Apparently, Troy Tulowitzki took his physical yesterday so the official announcement of his signing should be imminent. Once it happens, someone will lose his place on the 40-man roster. The most logical candidates appear to be infielder Hanser Alberto and outfielder Tim Locastro. Position-wise, Alberto appears to the odd man out but player-to-player, I’d probably keep Alberto over Locastro. Locastro is not going to beat out Brett Gardner, Clint Frazier, or, gasp, Jacoby Ellsbury and appears to be more of a depth piece for Triple A. Not that I think Alberto is going to make the Major League roster, but he’s had a good winter and offers infield versatility. I’d like to see what he can do in the organization. The only thing that I’ve really heard about Locastro is that he is fast. That’s nice. Next.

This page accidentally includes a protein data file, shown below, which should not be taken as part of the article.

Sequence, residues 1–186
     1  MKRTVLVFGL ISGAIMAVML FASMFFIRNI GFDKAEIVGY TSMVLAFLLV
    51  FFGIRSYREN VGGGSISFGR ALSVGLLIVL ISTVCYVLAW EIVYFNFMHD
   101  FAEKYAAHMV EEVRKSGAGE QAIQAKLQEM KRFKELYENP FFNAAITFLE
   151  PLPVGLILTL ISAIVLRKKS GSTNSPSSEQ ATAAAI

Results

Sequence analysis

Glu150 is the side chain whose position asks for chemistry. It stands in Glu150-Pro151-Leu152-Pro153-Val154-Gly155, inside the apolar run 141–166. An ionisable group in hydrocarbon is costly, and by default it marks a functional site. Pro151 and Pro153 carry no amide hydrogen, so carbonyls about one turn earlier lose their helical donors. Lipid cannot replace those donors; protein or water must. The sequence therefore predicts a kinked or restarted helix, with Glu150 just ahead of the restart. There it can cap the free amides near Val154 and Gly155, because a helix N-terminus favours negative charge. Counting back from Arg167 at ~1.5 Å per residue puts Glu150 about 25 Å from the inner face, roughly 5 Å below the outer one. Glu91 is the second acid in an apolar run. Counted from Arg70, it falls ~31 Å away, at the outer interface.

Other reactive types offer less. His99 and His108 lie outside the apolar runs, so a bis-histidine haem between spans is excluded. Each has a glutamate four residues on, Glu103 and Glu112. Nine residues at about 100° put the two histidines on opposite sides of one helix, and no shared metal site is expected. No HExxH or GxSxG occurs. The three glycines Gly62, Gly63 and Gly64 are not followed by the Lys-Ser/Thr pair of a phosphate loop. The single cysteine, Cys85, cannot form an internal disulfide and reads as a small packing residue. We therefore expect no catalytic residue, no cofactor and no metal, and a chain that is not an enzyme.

As for Tulo, I really wish I could get excited about his addition. But honestly, we don’t know what we are getting. He could be the starting shortstop on Opening Day or he could be released at the end of training camp. It’s not like he was a huge investment. The guy hasn’t played in a year and a half and has not shown an ability to stay healthy for the last few years. He may have looked great in the tryout that preceded his signing with the Yankees but playing the game will be the true test. Until then, I want a strong plan in place for shortstop/second base should Tulo fail. Sorry Tyler Wade, you are not a strong plan.
Inevitably, the departure(s) of Sonny Gray, Luis Cessa and/or A.J.Cole will free up space but I don’t think those are moves made yet. Could be wrong. I am far from having any inside knowledge of the situation.
Ken Rosenthal is reporting Cleveland’s chances of trading either Corey Kluber or Trevor Bauer are diminishing by the day so it doesn’t look like the Yankees will be in play for another starter until potentially the trading deadline in July unless it is some random (i.e., bargain bin) arm they decide to bring into camp.